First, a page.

The Equitwister: A Simplified Way to Castrate Working Equids

The Equitwister—made of stainless steel rod, PVC pipe, and a crank—costs less than $5 to make.

Photo: Tracy A. Turner, DVM, MS, Dipl. ACVS

One of the most common (and some might say important) surgical procedures veterinarians perform on working equids is castration. While it’s generally considered a quick, easy, and inexpensive procedure in developed countries, where horse owners have the resources to ensure all goes as well as possible, castration can be cost-prohibitive and/or lead to complications in rural communities.

So Tracy Turner, DVM, MS, Dipl. ACVS, ACVSMR, of Turner Wilson Equine Consulting, in Elk River, Minnesota, developed a simple, cheap castration tool for use in equitarian—or volunteer equine veterinary--work: the Equitwister. He described its use during a presentation at the 2015 American Association of Equine Practitioners Convention, held Dec. 5-9 in Las Vegas.

Castration is important in developing countries, said Turner, for improved equine behavior and handler safety; to prevent pregnancies in working mares; and to promote more selective breeding for better animals.

So why the need for a new castration tool?

“In equitarian work, castration is typically done on a single day in a community during a yearly visit,” Turner explained. “Due to the lack of ability to follow up on these patients, it is imperative that reliable techniques with few complications be used. In addition, these techniques are often simultaneously taught to local veterinarians or veterinary students. Ideally, the techniques should be simple, easily repeatable, and use equipment that is affordable.”

Common castration complications that know no socioeconomic bounds include hemorrhage, swelling, infection, and evisceration (protrusion of the intestines through the surgical site). In addition to the impracticality of veterinary follow-up, these occur more frequently in developing countries because of the logistical challenges of keeping wounds clean.

In the past, equitarians have relied on the Henderson castration tool, which clamps around the spermatic cord, attaches to a power drill, and twists off the testicle. This twisting technique helps prevent hemorrhage.

But because sustainability—the locals’ ability to continue veterinary work after equitarians leave—is an important part of equitarian work, the Henderson tool is impractical if for no other reason than cost, said Turner.

“In the case of the Henderson technique, the clamp is expensive, the power drill is expensive, and castrations may be performed in areas without (electricity) access to recharge batteries, making the tool unusable,” he explained. Each tool costs $200-400, which in a country whose annual income ranges from $1,600-6,800, is impractical.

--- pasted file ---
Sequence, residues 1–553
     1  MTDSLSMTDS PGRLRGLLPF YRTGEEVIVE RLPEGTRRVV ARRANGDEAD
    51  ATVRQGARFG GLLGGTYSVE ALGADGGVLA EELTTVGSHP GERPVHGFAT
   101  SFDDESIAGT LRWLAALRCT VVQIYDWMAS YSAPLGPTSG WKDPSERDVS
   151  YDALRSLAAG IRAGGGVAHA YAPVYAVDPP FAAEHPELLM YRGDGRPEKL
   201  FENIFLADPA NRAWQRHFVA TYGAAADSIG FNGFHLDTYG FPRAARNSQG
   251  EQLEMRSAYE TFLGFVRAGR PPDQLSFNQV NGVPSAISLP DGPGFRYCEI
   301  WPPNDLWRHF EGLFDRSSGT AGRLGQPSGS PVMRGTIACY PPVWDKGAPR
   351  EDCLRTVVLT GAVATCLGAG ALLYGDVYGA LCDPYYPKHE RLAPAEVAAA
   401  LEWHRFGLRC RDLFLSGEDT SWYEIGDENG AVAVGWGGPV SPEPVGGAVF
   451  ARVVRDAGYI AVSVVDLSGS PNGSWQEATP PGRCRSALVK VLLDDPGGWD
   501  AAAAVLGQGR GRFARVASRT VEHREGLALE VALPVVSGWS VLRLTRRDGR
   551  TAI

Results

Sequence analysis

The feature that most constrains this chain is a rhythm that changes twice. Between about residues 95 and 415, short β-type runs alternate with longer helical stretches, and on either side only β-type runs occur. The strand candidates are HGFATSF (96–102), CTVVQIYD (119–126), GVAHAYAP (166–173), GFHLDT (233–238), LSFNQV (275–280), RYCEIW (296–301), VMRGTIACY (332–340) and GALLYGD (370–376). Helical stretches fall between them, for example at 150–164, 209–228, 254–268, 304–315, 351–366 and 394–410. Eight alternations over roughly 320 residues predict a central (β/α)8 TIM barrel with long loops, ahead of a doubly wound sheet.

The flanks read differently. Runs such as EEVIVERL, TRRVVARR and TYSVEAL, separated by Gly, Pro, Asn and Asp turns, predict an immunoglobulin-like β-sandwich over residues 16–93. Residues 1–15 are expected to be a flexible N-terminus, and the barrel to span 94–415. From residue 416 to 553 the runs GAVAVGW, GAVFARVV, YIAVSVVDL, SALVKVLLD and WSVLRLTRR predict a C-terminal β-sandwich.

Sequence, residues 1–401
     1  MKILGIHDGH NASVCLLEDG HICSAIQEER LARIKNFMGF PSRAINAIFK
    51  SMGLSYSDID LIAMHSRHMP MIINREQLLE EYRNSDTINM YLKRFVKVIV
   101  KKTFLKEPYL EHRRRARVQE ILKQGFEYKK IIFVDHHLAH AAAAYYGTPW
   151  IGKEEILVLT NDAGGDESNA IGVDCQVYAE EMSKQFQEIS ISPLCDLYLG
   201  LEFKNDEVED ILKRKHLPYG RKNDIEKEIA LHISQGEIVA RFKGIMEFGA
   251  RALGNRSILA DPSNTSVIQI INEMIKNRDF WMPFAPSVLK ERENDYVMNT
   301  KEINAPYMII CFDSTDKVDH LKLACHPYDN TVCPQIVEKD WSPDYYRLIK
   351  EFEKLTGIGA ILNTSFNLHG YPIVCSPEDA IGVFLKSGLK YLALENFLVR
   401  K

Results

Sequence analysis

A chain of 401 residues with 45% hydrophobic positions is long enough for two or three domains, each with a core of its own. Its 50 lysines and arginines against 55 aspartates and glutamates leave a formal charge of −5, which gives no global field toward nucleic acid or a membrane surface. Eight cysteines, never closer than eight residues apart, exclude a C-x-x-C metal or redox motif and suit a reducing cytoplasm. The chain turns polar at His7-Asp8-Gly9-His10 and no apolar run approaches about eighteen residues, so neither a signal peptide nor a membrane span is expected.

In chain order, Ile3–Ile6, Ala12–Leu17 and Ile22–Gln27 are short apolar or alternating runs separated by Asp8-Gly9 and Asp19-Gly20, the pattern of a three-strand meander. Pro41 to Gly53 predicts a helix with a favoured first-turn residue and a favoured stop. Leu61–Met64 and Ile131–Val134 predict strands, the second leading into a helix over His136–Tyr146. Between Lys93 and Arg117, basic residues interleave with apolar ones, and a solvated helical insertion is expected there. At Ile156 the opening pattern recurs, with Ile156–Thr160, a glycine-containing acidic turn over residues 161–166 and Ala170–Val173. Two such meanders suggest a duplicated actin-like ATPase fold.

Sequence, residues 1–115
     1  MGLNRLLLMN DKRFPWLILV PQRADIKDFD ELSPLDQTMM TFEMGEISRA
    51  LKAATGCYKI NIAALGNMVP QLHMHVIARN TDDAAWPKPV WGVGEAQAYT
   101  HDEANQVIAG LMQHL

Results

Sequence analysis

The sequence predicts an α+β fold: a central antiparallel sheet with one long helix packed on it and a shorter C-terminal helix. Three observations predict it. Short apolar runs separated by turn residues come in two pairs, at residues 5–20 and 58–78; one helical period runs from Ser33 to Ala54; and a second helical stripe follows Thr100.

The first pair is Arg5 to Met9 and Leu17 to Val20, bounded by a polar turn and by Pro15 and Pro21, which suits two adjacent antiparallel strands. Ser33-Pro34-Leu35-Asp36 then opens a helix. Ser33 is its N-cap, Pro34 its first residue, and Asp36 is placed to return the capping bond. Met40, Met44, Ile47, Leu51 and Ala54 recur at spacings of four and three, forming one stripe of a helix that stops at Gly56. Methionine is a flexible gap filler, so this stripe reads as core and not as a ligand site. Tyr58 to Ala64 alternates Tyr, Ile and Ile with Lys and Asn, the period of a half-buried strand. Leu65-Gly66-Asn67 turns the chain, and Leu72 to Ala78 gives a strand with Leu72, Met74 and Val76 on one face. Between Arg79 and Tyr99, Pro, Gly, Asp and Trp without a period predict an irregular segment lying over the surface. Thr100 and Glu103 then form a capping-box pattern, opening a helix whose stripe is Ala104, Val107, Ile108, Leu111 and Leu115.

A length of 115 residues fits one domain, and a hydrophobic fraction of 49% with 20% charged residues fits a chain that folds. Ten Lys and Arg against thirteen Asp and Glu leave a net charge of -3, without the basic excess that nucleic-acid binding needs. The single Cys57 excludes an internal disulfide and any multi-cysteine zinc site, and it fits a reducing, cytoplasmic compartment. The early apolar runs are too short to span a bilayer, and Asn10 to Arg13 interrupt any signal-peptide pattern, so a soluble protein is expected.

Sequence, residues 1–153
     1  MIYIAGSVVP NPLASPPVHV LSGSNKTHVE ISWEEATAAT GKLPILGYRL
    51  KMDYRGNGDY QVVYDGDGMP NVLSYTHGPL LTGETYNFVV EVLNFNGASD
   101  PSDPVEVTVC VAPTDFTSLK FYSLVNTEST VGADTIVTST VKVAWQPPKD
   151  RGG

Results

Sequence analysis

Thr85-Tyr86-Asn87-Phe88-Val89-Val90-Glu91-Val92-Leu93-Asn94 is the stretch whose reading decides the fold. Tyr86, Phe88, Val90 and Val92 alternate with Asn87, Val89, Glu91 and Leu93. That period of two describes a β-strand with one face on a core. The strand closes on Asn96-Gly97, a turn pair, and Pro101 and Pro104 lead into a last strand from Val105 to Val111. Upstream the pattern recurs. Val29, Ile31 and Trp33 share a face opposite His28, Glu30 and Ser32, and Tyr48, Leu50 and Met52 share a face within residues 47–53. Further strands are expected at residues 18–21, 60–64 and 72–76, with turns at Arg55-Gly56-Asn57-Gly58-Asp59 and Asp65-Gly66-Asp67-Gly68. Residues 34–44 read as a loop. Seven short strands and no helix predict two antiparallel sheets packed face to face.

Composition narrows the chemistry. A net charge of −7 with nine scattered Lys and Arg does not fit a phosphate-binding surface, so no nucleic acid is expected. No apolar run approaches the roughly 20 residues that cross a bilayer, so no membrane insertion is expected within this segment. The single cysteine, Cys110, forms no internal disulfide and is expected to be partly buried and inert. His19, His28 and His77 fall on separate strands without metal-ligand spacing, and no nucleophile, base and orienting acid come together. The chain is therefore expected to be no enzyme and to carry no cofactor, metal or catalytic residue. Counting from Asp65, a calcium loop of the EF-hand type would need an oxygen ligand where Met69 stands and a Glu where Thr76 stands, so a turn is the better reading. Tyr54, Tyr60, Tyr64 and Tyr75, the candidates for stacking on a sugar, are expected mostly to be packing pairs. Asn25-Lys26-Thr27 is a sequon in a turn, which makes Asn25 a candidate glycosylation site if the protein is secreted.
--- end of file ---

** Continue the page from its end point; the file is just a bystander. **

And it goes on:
Enter the Equitwister. Made of stainless steel rod, PVC pipe, and a crank, it uses a similar approach to the Henderson tool in how it twists the spermatic cord, but though it’s manual, it requires little effort. It also costs less than $5 to make.

“The Equitwister is easier to use, much less expensive, and as effective as any castration technique today,” said Turner, who has been using prototypes since 2014 and continues to make improvements.

He said the procedure results in hardly any hemorrhage and, after the horse undergoes general anesthesia, can be performed in under a minute. In fact, Turner said he’s performed more than 200 Equitwister castrations and encountered only one hemorrhage and one evisceration in field conditions.

In Turner’s experience, “the slow twist of the Equitwister is superior to the power twist of the Henderson tool because the spermatic cord is less likely to double on itself and the slower speed provides a tighter twist.”

In summary, he said the Equitwister is ideal for equitarian work. To date, he’s trained more than 50 veterinary students to use it. The Equitarian Initiative sells these tools to raise money for their projects at

About the Author

Alexandra Beckstett, The Horse Managing Editor

Alexandra Beckstett, Managing Editor of The Horse and a native of Houston, Texas, is a lifelong horse owner who has shown successfully on the national hunter/jumper circuit and dabbled in hunter breeding. After graduating from Duke University, she joined Blood-Horse Publications as Assistant Editor of its book division, Eclipse Press, before joining The Horse.

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